Right Way To Use Luster Dust?

Decorating By ss4him Updated 13 Jun 2014 , 9:52am by Mamabakes3

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ss4him Posted 27 Jan 2009 , 5:56pm
post #1 of 10

I've tried painting it one with lemon extract, but it came out streaky and didn't look right. Is there a better way?


9 replies
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cakesbydina Posted 27 Jan 2009 , 6:01pm
post #2 of 10

i have asked this question a zillion times on here and none of the responses have worked for me. Doing it dry doesn't produce metallic or deep hue results and diluting with vodka ever so gently leaves it streaky for me too. What is the answer. I want it to look like thick paint with pigment, richness and full coverage as I have seen done on TV like ace of cakes or in books like peggy porchens tea cups that have gold handles. I follow the directions and still not the same results...anyone out there know the trick????

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kakeladi Posted 27 Jan 2009 , 8:12pm
post #3 of 10

The answer is to get just the right mix of dust to alcohols.
Look at your label on the extract. What % of alcohol does it have? The higher the # the better. That's why vodka or EverClear is recommended. If your painting is streaked you have too much vodka; let it sit for 2-5 minutes & try again. It evaporates fast. If it is too dry add just *ONE DROP* of vodka more. Using an eye dropper is very helpful.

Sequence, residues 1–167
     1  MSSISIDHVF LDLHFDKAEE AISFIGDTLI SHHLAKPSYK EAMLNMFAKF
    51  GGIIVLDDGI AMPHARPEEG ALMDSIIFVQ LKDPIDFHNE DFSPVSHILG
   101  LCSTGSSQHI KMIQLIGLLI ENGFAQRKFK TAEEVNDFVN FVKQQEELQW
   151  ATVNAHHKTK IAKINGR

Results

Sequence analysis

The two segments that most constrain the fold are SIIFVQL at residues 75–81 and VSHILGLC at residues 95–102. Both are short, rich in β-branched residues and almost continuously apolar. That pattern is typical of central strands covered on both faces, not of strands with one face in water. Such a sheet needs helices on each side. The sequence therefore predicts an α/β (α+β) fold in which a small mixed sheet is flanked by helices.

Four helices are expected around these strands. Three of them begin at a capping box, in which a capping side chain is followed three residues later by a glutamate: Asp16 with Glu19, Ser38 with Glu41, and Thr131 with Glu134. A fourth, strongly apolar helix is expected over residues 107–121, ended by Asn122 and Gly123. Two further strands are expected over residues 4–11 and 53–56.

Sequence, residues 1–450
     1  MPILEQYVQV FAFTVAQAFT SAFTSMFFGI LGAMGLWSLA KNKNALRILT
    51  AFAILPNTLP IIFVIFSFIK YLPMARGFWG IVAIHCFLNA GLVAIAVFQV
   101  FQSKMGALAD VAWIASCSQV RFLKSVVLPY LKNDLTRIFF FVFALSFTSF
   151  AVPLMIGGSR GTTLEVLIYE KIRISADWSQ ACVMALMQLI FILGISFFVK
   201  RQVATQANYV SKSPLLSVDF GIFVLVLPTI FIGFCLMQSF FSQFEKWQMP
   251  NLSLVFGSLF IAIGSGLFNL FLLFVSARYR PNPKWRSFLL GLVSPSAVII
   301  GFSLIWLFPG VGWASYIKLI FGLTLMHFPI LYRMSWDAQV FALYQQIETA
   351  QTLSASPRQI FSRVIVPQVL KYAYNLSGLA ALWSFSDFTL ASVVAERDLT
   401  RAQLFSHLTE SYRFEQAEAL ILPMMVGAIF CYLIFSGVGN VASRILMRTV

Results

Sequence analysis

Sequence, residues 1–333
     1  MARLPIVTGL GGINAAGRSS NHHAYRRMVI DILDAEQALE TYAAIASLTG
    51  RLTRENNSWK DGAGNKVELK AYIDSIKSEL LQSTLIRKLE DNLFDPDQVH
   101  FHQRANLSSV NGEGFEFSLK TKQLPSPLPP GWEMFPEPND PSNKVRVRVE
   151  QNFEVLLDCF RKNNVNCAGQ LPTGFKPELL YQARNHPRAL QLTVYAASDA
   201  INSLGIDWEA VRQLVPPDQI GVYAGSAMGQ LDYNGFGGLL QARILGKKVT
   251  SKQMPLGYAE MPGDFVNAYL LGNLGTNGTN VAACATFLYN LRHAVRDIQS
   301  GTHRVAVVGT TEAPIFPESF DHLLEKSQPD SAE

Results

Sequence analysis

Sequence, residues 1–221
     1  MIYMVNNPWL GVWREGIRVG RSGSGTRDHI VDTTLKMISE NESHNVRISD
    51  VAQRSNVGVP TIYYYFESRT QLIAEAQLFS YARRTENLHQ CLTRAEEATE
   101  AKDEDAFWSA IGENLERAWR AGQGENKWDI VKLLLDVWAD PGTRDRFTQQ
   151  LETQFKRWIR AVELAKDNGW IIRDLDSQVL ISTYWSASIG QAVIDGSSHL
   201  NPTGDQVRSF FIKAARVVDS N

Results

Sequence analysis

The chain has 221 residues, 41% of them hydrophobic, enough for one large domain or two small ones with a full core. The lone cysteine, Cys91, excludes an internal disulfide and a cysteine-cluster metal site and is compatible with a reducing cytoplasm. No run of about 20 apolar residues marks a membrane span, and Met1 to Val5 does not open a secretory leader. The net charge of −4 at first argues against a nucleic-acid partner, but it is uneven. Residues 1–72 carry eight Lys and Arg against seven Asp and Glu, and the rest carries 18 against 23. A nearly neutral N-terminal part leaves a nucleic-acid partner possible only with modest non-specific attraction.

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cakesbydina Posted 27 Jan 2009 , 10:04pm
post #4 of 10

I will try this again. I guess if this is the only answer it does have to be precise because I swear I am doing it that exact way and it's not working for me. Thanks for the input kakeladi...hopefully this will work

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klutz Posted 28 Jan 2009 , 1:16am
post #5 of 10

I have been wondering the same thing for a year now, and accidentally got the same answer the other day. I just got lucky and got the right ratio finally. Now that I know what the consistency looks like, i think i can get it again. Just keep trying 'till you get it right. Oh...and i'm sure you know this, but...a nice soft brush with very gentle strokes. The brush really matters.

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sweetneice Posted 28 Jan 2009 , 6:17am
post #6 of 10

Thanks for answering that question, I thought that I just sucked at it! Now I know!

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banba Posted 28 Jan 2009 , 9:16am
post #7 of 10

They only way that works for me is by mixing it with confectioners glaze.

Confectioners glaze evaporates quite quickly so you have to work fast with the brush in order to avoid brush stroke marks.

A second coat helps too but wait until the first is dry.

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bashini Posted 28 Jan 2009 , 10:00am
post #8 of 10

Confectioner's glaze is for me too! icon_biggrin.gif

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kathy213 Posted 8 Jun 2014 , 5:15pm
post #9 of 10

What is Confectioner's glaze? Also, do you have to wait to paint your fondant until it has totally dies or can you work on it as it is drying?

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Mamabakes3 Posted 13 Jun 2014 , 9:52am
post #10 of 10

AI just painted on still-drying fondant and it seemed to work okay. It was for a wood floor effect. I used pure lemon extract , which was 83% alcohol. I am in recovery, so I want to avoid having a bottle of Everclear in my house. Lol

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